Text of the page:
CARES Act Provides Important Relief for Retail & Hospitality Companies

Retail Did You Know?

April 03, 2020

Dear Retail Clients and Friends,

This edition of Morgan Lewis Retail Did You Know? examines how the Coronavirus Aid, Relief, and Economic Security (CARES) Act impacts companies in the retail and hospitality sector, which has been severely impacted by the coronavirus (COVID-19) pandemic due to the government-mandated shutdown of “non-essential businesses” in some states, as well as the decrease in customer traffic given the uncertain economic climate. Companies in the retail and hospitality sectors should carefully consider the eligibility requirements for CARES Act relief measures.


US President Donald Trump on March 27 signed into law the CARES Act, which provides numerous economic stimulus measures to eligible US companies. The CARES Act relief that is most impactful to retail and hospitality companies includes (1) small business loans under the Paycheck Protection Program, (2) Treasury loans for various businesses that do not otherwise receive targeted relief under the CARES Act, and (3) various tax credits and incentives.

For many retail and hospitality businesses, this relief is desperately needed. State and local executive orders and regulations have forced many “non-essential” physical retail locations to close. Although what is “non-essential” varies by order, most orders limit “essential” in-person physical retail to grocery stores, pharmacies, home repair stores, or office supply retailers. Virtually all of the relevant orders require restaurants to limit their service offerings to take-out options only, and many retailers have voluntarily closed physical retail operations even in places where there is no order requiring closure.

Combined with decreased demand for many products, a general decrease in discretionary spending, and decreased foot traffic even to stores that are allowed to remain open, the COVID-19 pandemic threatens the very existence of many retailers that rely primarily on physical retail in “non-essential” spaces. Ecommerce has also suffered; faced with required or voluntary shutdown of distribution facilities, reduced sales, and other challenges, some prominent ecommerce sites have gone completely dark in recent weeks. For these reasons, many retailers are looking to the CARES Act for critically needed financial relief.

Paycheck Protection Program

The Keeping Workers Paid and Employed Act provides new and increased federally guaranteed Paycheck Protection Program (PPP) loans through the US Small Business Administration (SBA) to small businesses that keep their workers employed. The act waives the SBA “affiliation rules” to allow certain businesses in the food service, hospitality, and restaurant industries (fitting within business categories included in North American Industry Classification System (NAICS) Code 72), and certain franchises assigned a franchise number by the SBA, to qualify as small businesses eligible to receive the benefit of PPP loans.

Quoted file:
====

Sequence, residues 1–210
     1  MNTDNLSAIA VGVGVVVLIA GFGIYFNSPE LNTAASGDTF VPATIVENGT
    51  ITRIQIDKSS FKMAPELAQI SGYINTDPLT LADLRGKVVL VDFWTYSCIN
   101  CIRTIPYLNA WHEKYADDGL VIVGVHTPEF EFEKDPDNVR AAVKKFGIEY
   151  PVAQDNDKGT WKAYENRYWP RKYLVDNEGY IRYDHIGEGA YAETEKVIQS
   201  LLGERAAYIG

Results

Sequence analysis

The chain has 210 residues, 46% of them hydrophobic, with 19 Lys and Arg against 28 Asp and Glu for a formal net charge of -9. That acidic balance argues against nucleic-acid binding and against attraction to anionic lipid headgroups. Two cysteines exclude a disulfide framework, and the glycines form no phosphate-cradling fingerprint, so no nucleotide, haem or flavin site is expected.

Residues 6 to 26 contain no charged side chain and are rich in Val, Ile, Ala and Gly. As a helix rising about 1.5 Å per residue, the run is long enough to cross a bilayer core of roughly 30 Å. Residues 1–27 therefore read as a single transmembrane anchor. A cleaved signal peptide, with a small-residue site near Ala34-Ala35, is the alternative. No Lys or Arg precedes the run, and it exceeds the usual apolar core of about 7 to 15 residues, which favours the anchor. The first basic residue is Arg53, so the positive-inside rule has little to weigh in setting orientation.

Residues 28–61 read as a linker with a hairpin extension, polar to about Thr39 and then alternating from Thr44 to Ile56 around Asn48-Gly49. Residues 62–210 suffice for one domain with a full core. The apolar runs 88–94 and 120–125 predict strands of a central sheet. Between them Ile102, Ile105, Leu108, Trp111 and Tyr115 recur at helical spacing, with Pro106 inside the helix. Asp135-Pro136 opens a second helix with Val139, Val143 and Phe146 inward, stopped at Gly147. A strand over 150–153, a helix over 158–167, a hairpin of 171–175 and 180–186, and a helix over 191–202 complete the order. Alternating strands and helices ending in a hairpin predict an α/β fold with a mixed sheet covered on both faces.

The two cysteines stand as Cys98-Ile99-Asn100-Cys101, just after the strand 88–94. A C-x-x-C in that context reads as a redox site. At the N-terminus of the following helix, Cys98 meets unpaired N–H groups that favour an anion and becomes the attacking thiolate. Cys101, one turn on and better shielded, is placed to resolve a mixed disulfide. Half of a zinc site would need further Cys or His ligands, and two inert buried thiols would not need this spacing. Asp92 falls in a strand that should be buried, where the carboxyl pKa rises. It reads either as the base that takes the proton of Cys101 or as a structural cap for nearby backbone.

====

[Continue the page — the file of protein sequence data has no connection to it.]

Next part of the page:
By maintaining employees on their payroll through the duration of the crisis, these small businesses can qualify for PPP loan forgiveness. The act is also retroactive, incentivizing small businesses to rehire employees who have recently been laid off.

Eligible businesses can apply for a PPP loan at any lending institution that is approved to participate in the program through the existing SBA 7(a) lending program and additional lenders approved by the US Department of the Treasury. This could be the lender the business already uses, or a nearby bank. There are thousands of lenders that already participate in the SBA’s lending programs, including numerous community banks. Eligible businesses do not have to visit any government institution to apply for the program.

Treasury Loans

The CARES Act authorizes the secretary of the Treasury to make loans, loan guarantees, and other investments to support US businesses that have not otherwise received adequate economic relief through loan or loan guarantees under the CARES Act.

Direct loans under the Mid-Sized Businesses Banking Program will be available to businesses with between 500 and 10,000 employees (subject to a potentially different “affiliation rule” that may not always require counting the employees of all businesses under common control), and will be subject to an annualized interest rate of less than 2% per annum will no payments due for the first six months.

It is expected that additional loans will be available for companies under the Mainstreet Lending Program. This program is left to the Federal Reserve’s discretion and is intended to support lending to small and mid-sized businesses consistent with the key limitations outlined in the LawFlash linked immediately below. The Federal Reserve will announce these programs as they become available.

Tax Credits

The CARES Act provides tax relief that could apply to retailers and hospitality companies for

  • refundable tax credits for certain qualified wages,
  • delayed payment of self-employment tax,
  • advanced refunding of credits for family or sick leave wages,
  • carryback of net operating losses (NOLs),
  • qualified improvement property deductions,
  • modification of limits on the deductibility of business interest, and
  • modification of alternative minimum tax (AMT) limits.

Employee Retention Credit

The CARES Act provides a refundable tax credit against the employer portion of Old Age, Survivors and Disability Insurance (OASDI) or Railroad Retirement Tax Act (RRTA) taxes for 50% of “qualified wages” for each employee from March 13-December 31, 2020. The credit is available to any employer carrying on a trade or business in 2020 whose operations were fully or partially suspended due to a COVID-19-related shutdown order or whose gross receipts (or operations, for tax-exempt employers) declined by more than 50% as compared to the same calendar quarter in the prior year. The credit is reduced by any credits received for paid sick or family leave under the Families First Coronavirus Response Act described below. This allows employers to receive an advanced credit from the Treasury.

For an employer that had greater than 100 full-time employees (determined using the Affordable Care Act's measure of 30 hours per week) during 2019, “qualified wages” are wages paid by such employer to its employees who are not providing services due to the circumstances described above. For an employer with 100 or fewer full-time employees, all employee wages qualify for the credit whether or not the employer is open. The amount of qualified wages subject to the credit is limited to $10,000 of taxable compensation, including health benefits, paid to each employee.

Delayed Payment of Employment Taxes

The CARES Act provides that payment of 50% of the employer share of the OASDI tax and Tier I of the RRTA tax (including the tax on employee representatives) and 50% of self-employment taxes and any estimated taxes due thereon by self-employed individuals between the enactment of the CARES Act and January 1, 2021, is delayed until December 31, 2021. The due date for the remaining 50% of the employment taxes is delayed until December 31, 2022.